The various scripts and handwriting were fascinating to see all in one room. From Florence Nightingale’s wispy report on her nursing staff in the Crimea (1854-56), to John Lennon’s lyrics for “A Hard Day’s Night” scrawled on the back of a birthday card for his son, Julian. Sorry, no photos here either.
In the center of the building is the King’s Library, a towering glass-encased structure that houses the foundation of the library – King George III ‘s book collection. It consists of 65,000 printed books and 19,000 pamphlets from Britain, Europe and North America from the mid 15th to the early 19th centuries. I guess he was a bookish sort of king.
Then there was the “Terror and Wonder: The Gothic Imagination” exhibit which ends later this month. The history of British Gothic literature from its beginnings in 1764 with Horace Walpole’s The Castle of Otranto, to present day Whitby Goth culture. It appears to be true that Goth with never die.
The items chosen for this exhibit included some I expected, and others I didn’t. I took a few photos of pieces that intrigued me. If there was a no-camera sign posted, I failed to see it…
“The Nightmare,” by Henry Fuseli (1782). It combines “the supernatural, the macabre and the erotic to brilliant effect” and “highlights the importance of the unconscious,” all classic Goth elements.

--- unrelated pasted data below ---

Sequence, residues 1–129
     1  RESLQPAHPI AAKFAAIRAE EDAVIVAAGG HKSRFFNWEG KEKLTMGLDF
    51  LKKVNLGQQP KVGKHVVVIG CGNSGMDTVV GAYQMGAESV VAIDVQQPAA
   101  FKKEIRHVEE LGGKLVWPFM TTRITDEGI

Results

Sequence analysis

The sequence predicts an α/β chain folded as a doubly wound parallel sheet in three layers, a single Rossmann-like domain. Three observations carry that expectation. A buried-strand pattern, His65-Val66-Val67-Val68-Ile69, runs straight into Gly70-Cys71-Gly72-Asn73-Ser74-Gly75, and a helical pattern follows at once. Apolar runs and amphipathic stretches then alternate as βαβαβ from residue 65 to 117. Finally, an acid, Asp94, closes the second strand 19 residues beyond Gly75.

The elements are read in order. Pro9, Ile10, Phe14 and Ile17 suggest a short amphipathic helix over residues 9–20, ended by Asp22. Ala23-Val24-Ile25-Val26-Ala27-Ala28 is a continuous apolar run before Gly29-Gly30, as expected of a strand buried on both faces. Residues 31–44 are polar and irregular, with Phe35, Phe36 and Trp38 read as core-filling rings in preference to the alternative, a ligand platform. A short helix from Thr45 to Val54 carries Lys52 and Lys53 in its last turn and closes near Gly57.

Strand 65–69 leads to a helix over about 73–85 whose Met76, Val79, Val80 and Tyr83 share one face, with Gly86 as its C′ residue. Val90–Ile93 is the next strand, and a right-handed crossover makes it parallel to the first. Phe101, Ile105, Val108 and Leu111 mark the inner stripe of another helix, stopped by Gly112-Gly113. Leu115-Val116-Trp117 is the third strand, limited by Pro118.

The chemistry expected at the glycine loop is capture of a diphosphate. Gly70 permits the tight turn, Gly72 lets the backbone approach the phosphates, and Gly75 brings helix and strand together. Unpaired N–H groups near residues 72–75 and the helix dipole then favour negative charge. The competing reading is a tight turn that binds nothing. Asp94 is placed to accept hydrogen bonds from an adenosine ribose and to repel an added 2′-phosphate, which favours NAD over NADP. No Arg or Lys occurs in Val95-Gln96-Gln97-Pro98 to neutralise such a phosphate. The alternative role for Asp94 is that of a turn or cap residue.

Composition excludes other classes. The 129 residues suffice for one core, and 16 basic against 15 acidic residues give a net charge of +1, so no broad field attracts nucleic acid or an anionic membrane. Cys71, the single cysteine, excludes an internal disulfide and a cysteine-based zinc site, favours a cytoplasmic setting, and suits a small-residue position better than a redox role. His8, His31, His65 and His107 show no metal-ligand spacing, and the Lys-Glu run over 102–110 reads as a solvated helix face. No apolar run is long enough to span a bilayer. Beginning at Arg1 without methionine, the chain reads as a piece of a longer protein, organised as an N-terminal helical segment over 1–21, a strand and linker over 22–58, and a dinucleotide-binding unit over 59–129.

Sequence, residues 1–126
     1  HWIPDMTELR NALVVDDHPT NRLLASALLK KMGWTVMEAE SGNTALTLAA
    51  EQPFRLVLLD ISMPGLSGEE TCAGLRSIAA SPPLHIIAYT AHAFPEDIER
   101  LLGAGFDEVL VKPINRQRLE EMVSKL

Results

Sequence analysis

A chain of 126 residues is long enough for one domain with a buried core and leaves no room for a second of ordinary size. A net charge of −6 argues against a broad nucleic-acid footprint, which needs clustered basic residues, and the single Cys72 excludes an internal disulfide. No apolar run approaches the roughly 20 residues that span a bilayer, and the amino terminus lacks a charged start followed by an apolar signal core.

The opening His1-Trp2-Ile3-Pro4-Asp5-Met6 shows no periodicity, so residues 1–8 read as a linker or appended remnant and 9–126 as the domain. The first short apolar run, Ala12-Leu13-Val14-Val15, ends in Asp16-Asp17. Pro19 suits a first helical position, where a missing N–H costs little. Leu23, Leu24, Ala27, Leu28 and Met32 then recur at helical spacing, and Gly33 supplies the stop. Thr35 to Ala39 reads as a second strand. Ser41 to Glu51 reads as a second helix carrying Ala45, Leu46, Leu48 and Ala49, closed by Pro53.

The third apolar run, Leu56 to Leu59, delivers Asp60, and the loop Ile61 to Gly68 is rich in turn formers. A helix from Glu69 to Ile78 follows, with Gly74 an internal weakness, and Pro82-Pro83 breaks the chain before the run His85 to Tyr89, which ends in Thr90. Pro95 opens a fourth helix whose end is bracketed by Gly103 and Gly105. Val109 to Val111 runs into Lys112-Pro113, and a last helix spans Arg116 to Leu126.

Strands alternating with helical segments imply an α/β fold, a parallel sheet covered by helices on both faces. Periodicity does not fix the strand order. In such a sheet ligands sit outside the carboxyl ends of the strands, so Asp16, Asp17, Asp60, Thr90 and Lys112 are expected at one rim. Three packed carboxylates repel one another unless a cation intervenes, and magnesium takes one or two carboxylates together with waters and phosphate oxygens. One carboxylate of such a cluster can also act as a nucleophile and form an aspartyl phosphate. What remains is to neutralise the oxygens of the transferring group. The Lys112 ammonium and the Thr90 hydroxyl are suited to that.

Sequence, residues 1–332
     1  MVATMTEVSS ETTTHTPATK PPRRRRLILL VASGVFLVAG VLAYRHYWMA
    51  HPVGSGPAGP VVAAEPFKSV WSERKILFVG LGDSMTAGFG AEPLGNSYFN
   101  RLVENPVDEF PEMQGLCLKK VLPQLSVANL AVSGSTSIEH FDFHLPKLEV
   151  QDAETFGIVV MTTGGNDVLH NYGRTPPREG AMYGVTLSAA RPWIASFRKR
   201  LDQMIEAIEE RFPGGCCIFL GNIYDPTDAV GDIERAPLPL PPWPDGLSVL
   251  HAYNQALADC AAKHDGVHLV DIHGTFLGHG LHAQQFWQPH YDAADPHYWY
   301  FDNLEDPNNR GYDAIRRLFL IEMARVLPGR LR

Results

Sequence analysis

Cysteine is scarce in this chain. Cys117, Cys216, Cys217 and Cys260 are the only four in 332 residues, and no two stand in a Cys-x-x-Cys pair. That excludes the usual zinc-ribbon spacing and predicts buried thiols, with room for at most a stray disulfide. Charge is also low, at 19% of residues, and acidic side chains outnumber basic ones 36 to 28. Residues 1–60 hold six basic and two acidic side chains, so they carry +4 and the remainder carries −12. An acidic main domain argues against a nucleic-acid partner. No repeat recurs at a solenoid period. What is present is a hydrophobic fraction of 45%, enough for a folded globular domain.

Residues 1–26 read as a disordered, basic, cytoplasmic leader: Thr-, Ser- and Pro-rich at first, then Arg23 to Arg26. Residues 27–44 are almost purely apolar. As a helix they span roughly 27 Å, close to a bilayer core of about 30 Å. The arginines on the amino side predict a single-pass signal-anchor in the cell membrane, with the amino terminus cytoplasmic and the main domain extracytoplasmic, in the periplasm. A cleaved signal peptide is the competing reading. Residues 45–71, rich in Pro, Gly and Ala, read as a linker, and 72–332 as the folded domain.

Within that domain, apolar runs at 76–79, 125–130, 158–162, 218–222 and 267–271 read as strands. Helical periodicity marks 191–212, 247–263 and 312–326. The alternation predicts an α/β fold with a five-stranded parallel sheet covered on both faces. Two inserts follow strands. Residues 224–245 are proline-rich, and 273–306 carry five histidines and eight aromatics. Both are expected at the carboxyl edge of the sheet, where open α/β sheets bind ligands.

The Wicker Colossus of the Druids from a 1771 travel guide to England and Wales, illustrating the legend that the Druids made human sacrifices by burning people inside giant wicker effigies. Is this where the idea for Burning Man came from?
“The Man of the Crowd,” another short story by Edgar Allen Poe, here illustrated by John Buckland Wright (1932).
I finished my full, bookish day with a round through the British Library Bookstore. I bought a dozen or so postcards to send to my American friends (and some to keep for myself). The world of books is a place in which I am quite happy to linger. If you are a library lover, you will enjoy it too.
Imagine what the quintessential British bookstore might look like. If you picture a little shop in an 18th century building stocked untidily with old and unusual books from floorboards to rafters, then you could be thinking of Foster’s Bookshop in Chiswick, London.